Iowa reverses decision to cut women’s swimming and diving program amid Title IX battle

However, the discontinuation of the Hawkeye men’s swimming and diving, men’s tennis, and men’s gymnastics programs remain final.


Megan Nagorzanski

Swimmers compete during the second session of the the 2020 Big Ten Women’s Swimming and Diving Championship at the the HTRC on Friday, Feb. 21, 2020.

Robert Read and Austin Hanson

The University of Iowa announced Monday that it is fully reinstating its women’s swimming and diving program as an NCAA and Big Ten Conference program.

Women’s swimming and diving was one of four Hawkeye sports — along with men’s swimming and diving, men’s tennis, and men’s gymnastics — set to be discontinued following the 2020-21 academic year. The cuts to the other three programs remain final.

Members of the Iowa women’s swimming and diving program had previously filed a Title IX complaint against the UI after its decision to cut the program.

“The University continues to disagree with claims made by the lawsuit, and the subsequent preliminary injunction to continue offering the sport in 2021-22 while the lawsuit makes its way through the court system,” the UI said in a prepared statement Wednesday. “In the interest of serving our student-athletes, coaches, and community, the University believes more certainty will be beneficial for the future of the program.

“Accordingly, the University has decided it is in the best interests of the student-athletes, coaches, and the athletics department to voluntarily reinstate the program, regardless of any outcome related to the lawsuit.”

Marc Long, who is in his 16th season leading both the Iowa men’s and women’s swimming and diving programs, is expected to remain head coach of the women’s team, per a report by Swimming World Magazine.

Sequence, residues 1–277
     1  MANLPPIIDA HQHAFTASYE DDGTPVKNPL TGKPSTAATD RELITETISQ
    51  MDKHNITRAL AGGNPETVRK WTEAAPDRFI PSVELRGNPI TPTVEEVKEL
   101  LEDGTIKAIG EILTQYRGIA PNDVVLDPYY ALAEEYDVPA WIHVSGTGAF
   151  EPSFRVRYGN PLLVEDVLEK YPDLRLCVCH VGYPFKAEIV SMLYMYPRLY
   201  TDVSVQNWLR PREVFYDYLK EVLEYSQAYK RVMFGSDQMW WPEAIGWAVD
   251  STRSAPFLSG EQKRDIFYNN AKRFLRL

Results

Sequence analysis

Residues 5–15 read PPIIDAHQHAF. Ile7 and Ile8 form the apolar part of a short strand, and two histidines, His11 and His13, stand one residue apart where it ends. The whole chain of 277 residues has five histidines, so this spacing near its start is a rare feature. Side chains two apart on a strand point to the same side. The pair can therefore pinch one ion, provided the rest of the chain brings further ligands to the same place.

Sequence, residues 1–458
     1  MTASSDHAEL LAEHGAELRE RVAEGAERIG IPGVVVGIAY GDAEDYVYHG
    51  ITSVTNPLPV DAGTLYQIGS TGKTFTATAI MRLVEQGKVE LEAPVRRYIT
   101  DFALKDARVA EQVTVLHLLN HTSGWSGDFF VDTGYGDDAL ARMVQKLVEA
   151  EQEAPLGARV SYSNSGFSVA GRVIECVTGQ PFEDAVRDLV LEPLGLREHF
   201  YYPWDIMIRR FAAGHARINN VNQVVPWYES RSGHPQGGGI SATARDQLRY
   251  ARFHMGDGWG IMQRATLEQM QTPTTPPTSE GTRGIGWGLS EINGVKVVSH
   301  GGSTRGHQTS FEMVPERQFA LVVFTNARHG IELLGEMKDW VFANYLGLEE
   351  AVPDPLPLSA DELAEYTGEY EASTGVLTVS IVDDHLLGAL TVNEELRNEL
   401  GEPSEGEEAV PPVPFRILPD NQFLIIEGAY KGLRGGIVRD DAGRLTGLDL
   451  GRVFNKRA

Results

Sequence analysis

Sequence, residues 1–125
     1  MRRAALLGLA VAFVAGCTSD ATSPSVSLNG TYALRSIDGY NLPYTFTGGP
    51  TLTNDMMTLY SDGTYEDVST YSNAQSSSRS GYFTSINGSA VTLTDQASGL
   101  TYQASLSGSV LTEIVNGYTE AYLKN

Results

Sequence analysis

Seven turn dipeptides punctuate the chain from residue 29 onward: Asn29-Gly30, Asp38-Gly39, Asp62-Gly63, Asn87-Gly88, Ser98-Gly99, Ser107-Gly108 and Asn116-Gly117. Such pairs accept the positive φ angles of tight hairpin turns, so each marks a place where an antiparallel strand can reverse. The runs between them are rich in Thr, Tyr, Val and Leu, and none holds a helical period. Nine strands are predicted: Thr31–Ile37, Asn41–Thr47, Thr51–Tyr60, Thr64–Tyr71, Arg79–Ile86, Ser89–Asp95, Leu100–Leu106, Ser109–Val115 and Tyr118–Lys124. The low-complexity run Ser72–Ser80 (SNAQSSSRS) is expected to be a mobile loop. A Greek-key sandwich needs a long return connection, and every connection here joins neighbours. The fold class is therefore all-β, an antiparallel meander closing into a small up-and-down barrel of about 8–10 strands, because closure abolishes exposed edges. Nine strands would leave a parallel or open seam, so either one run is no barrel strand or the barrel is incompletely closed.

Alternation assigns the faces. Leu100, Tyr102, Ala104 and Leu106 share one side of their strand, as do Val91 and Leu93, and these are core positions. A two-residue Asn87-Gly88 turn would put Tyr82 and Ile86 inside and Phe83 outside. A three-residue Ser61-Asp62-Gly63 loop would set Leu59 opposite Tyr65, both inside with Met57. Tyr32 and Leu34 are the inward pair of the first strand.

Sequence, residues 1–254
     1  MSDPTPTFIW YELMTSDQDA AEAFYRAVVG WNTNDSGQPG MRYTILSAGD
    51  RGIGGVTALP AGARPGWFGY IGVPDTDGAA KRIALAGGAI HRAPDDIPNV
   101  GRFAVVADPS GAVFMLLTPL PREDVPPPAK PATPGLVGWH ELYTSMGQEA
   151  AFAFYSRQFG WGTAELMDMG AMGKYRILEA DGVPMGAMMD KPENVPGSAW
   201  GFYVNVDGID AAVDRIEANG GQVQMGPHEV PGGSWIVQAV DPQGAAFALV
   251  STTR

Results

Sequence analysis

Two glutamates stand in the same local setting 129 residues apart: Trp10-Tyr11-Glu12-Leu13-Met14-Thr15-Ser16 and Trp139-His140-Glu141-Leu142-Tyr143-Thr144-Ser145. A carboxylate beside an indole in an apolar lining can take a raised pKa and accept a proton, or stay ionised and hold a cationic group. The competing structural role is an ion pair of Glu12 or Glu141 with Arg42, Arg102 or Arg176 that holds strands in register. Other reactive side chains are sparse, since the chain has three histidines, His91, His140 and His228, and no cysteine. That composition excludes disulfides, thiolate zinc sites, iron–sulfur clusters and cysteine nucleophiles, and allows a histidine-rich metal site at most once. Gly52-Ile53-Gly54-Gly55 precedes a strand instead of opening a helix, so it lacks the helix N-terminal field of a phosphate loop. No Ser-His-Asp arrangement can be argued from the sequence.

Iowa Athletics Director Gary Barta and President Bruce Harreld announced Aug. 21 that the UI was discontinuing the four mentioned programs at the end of the 2020-21 academic year. They cited financial shortfalls in the athletic department brought on by the pandemic and the Big Ten’s decision to postpone all fall sports, which at the time included football, to the spring. Barta claimed the UI was compliant with Title IX guidelines when making its sports cuts.

On Sept. 25, swimming seniors Sage Ohlensehlen and Kelsey Drake, sophomore Christina Kaufman, and freshman Alex Puccini filed a Title IX complaint against the UI, alleging that “The University of Iowa’s actions have caused harm to the plaintiffs, and those who are similarly situated, and constitute intentional, prohibited discrimination based on sex in violation of Title IX of the education amendments of 1972. . .”

Title IX of the education amendments of 1972 does not mandate that there be an equal number of men’s and women’s sports programs. Rather, that the opportunities be equitable relative to the student population.

The women’s swimmers’ Title IX complaint alleges that, in 2018-19, women made up 53.56 percent of the UI student body, but had only been provided with 50.77 percent of the athletic opportunities.

On Dec. 22 a federal judge granted a preliminary injunction, temporarily blocking the UI’s decision to cut women’s swimming and diving at the end of the 2020-21 academic year.

Documents obtained by The Daily Iowan indicate Barta, Harreld, and the UI appealed the judge’s decision Dec. 24.

Cutting these four programs would save the athletic department “north of $5 million” annually, Barta said in August after announcing the sports cuts.

Initially, Barta said that the athletic department was anticipating $96.9 million in lost revenue and an overall deficit of between $74.7 million this fiscal year. But after the Big Ten reinstated the fall football season, that deficit figure dropped to $50-60 million.

Despite the return of a football season, which was announced on Sept. 16, and the financial gains that come with it, Barta said that the sports cuts would remain final.

Alumni and supporters of the four cut sports created the Save Iowa Sports group, which to date has raised over $2.9 million in an effort to reinstate the sports.

Barta called the fundraising effort “admirable” in September, but said the department would need “20-to-30 times more” than what was raised — at the time $1.65 million — to bring back and support the four programs.

Iowa is not alone in overturning recent sports cuts.

In January, Dartmouth reinstated five varsity sports programs it cut in January after the threat of a Title IX complaint. William & Mary also reversed course in November, reversing an earlier decision to cut three men’s sports. The school said it will support the programs through at least the 2021-22 academic year while developing a financial plan to keep them sustainable. 

The UI’s decision to discontinue three men’s sports remains in place, but Barta said in a release the athletic department remains committed to honoring scholarships if they choose to remain at Iowa.

Barta will hold a Zoom conference Tuesday at 1 p.m.

This is a developing story. Check back with for more information.